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Free Trade Area Of The Americas (Ftaa)

1573 words - 6 pages

What is the FTAA

In 1994, the leaders of the thirty-four democratic countries of the Western Hemisphere launched the process of creating a Free Trade Area of the Americas (FTAA). The FTAA will be established by 2010 with the aim of gradually eradicating barriers to trade and investment in the region. The final characteristics of the FTAA will be determined through negotiations by government officials from the thirty-four participating countries. The trade issues that are presently under discussion are: market access; investment; services; government procurement; dispute settlement; agriculture; intellectual property; antidumping, subsidies and countervailing duties; and competition policy. Guiding principles for these negotiations are (1) the agreement will be consistent with the rules of the World Trade Organization (WTO), (2) all countries will be participants in all parts of the agreement, and (3) the final agreement will build on the existing agreements in the region such as the Andean Community and the Southern Cone Common Market (known by its Spanish acronym MERCOSUR).

Guiding Principles of the Negotiations

• Decisions by consensus (one nation, one vote).
• Transparency.
• Consistent with rules and disciplines of the World Trade Organization.
• Commitment to improve on WTO rules and disciplines.
• Single undertaking with simultaneous negotiations in all issue areas.
• Co-existence with bilateral and sub-regional trade agreements.
• Countries negotiate and accept obligations individually or as members of sub-regional groups.
• Special attention to smaller economies and difference in levels of development.
• Rights and obligations shared by all countries.
• Countries to ensure that national laws and regulations conform to FTAA obligations.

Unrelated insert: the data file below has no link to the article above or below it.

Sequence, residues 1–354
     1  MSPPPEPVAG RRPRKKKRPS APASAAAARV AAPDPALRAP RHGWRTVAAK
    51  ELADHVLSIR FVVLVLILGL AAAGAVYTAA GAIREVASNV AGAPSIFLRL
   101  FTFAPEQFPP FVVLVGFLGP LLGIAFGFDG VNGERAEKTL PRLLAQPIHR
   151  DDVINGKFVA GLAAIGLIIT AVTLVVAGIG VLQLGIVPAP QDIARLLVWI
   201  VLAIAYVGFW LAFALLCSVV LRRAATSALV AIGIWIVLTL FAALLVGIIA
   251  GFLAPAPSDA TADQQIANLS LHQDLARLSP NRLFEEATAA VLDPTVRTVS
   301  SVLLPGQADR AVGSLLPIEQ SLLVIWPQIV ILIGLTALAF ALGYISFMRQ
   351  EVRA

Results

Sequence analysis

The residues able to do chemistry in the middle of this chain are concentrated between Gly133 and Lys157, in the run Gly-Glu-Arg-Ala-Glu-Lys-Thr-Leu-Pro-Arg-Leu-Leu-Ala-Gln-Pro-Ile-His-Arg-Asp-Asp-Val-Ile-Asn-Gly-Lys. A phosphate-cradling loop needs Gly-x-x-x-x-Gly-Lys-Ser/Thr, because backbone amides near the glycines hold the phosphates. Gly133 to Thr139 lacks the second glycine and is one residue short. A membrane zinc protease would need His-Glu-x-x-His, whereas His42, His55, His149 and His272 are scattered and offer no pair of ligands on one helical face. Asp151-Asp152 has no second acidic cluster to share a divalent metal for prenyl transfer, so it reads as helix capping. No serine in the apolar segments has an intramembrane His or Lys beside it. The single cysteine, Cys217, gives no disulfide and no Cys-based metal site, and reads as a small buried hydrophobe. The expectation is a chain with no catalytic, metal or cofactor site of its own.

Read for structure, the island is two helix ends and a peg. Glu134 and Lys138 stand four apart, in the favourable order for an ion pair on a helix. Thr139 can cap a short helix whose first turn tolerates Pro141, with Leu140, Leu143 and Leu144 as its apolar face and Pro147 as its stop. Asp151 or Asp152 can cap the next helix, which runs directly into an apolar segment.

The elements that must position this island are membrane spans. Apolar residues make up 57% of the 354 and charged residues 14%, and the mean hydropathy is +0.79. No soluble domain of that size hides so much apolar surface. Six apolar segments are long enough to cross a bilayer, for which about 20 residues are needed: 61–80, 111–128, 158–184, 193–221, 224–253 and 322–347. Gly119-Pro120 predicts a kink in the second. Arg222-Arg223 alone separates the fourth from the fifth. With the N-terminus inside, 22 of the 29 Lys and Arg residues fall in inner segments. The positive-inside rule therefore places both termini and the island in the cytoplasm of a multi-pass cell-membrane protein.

The central purpose of the FTAA is to promote economic growth and prosperity of the member countries by lowering barriers to trade and investment within the Western Hemisphere. According to the principles, it is a WTO plus agreement in the sense that the standards and disciplines of the WTO constitute the foundation on which the FTAA is to be constructed, but to be a success it must exceed these. In addition, the FTAA process co-exists with existing trade agreements and the sub-regional trade blocs can have a place at the negotiating table. As is also clear from the list of principles, the FTAA will not exist as a final agreement until each issue has been negotiated (single undertaking) with the approval of all thirty-four nations. The objectives and principles also mandate special consideration be given to the smaller, less developed countries of the hemisphere. These provisions reflect both the unique challenges facing the smaller, poorer countries and their influence in a process in which each country, regardless of size, in effect has veto power.

With the FTAA negotiations still at an early stage, it would be useful to remember that the important decisions in...

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